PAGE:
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Month: January 2015

What to Keep In Mind If You Have Suffered a Personal Injury

What to Keep In Mind If You Have Suffered a Personal Injury

If you have suffered an injury and it was someone else’s fault then chances are, you are entitled to damages and you can win them in court. However, in order to win you must prove certain things in the court to prove that you are entitled to the damages. There is also a time period in which you must file the lawsuit. This is a statutory limitation and must be taken into account.

Not Just a Complaint, but Also a Summons

Let’s begin with where you can sue the person at fault. You can do so in the state where the accident took place or in the state that has some type of connection to the defendant. What is a summons? A summons is a legal document that the defendant receives and it tells he/she that they should appear in court on a given day. On the other hand, the complaint serves as a description of your case in more detail. Both of these documents are delivered to the defendant by a state official or process server. After they have been delivered, the defendant must respond in writing within the given period of time. It is the court’s obligation to set a date when the first hearing will take place.

Things You Must Prove

Any personal injury case usually involves intentional tort, negligence or strict liability. If the accident arose because of a negligent behavior, you must be able to prove in court that the person at fault did not manage to do something he/she was obligated to do, that this negligent behavior caused the accident, and that your injury arose during the accident. Strict liability applies in cases when someone has been injured by a defective product. Last but not least, an intentional tort might be proven by showing that the defendant intended to harm you, for example, by proving that he/she punched you in the nose.

Winning a Personal Injury Case

When there is a criminal proceeding, the evidence must be up to the legal standard. In other words, the guilt must be proven “beyond a reasonable doubt.” On the other hand, in personal injury law, the legal standard is called “preponderance of evidence.” This means you must be able to prove that the odds that the defendant caused the accident are at least 50%. This explains why people who often win in the criminal proceedings might not be as likely to win in personal injury lawsuits.

Damages Go Beyond the Medical Bills

Medical bills are not the only type of damages you can demand. You can also ask for compensation for lost work time and pain and suffering. Damages for medical bills are usually a few times smaller than the damages for pain and suffering. In cases based on negligence, if you caused the accident at least in part, then the damages might be decreased accordingly. Furthermore, in some state jurisdictions, if you caused the accident by at least 1%, you might not be entitled to any damages, whatsoever. Last but not least, while the standard legal proceeding is a certainty that you can always rely on, most personal injury cases tend to be resolved through private settlements.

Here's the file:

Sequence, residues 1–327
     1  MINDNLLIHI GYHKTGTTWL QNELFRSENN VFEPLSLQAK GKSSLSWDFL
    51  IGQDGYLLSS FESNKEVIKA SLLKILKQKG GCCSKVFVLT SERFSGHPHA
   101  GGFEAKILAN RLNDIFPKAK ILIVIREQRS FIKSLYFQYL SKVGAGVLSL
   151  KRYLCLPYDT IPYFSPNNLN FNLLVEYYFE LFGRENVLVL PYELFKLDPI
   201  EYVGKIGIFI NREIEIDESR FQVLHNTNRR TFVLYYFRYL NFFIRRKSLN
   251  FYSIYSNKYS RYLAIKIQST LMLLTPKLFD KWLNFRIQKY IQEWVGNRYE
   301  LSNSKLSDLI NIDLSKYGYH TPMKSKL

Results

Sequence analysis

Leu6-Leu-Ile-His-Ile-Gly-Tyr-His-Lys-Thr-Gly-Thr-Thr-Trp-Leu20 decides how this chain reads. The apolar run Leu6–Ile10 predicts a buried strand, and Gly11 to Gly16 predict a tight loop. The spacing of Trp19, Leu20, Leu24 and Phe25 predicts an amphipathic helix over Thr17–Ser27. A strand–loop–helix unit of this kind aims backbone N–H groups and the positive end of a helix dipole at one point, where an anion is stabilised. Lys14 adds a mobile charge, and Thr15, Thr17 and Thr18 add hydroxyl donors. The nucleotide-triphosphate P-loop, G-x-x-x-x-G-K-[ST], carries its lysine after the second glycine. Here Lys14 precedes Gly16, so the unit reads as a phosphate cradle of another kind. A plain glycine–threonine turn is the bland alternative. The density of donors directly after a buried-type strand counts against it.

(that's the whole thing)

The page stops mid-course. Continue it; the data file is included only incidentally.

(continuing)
If you have suffered an injury, a personal injury lawyer can help because he/she will know all the important information and will be able to assist you with the legal proceedings.

Is It a Good Idea to Join a Class Action Lawsuit against Volkswagen?

Is It a Good Idea to Join a Class Action Lawsuit against Volkswagen?

There is news all over the place about Volkswagen cheating on emissions tests. However, this has left millions of buyers feeling betrayed, angry and cheated. Some of the consumers are even considering taking legal action. The question is then whether it is a good idea to join a class action lawsuit against VW.

At the time of this article, at least 34 distinguished class action lawsuits were being resolved against Volkswagen. VW admitted that they cheated during the emissions tests using a device which was built into the diesel engines of their vehicles. A few hours later, legal actions were taken against the company. The lawsuits began all across the United States and were typically filed in federal courts.

This has happened in the past, too. For example, in 2012, Toyota agreed to to pay $1.1 billion for unintended acceleration cases.

When you are considering bringing your case to court, you must take into consideration why you are doing it, what it will actually cost you, and what you want to get if you do join the class action. It is of equal importance to understand what the phrase “class action lawsuit” actually stands for. In such a lawsuit, the group of people stand as representatives of a much larger group of plaintiffs who are suing either one or a number of defendants. The interests of the various members of the class should be almost the same so that they have a chance to be awarded similar recoveries. This is a good way to go about it if a larger group of people have suffered similarly.

Many people do not know whether the government will have a say in the case and press criminal charges. Of course, that could happen and many members of the class lawsuit would welcome it, as the government tends to have stronger techniques and greater resources available than private litigants usually do. It is very often the case that government intervention occurs simultaneously with civil actions and this is nothing to be afraid of, as it usually leads to the case being resolved much faster.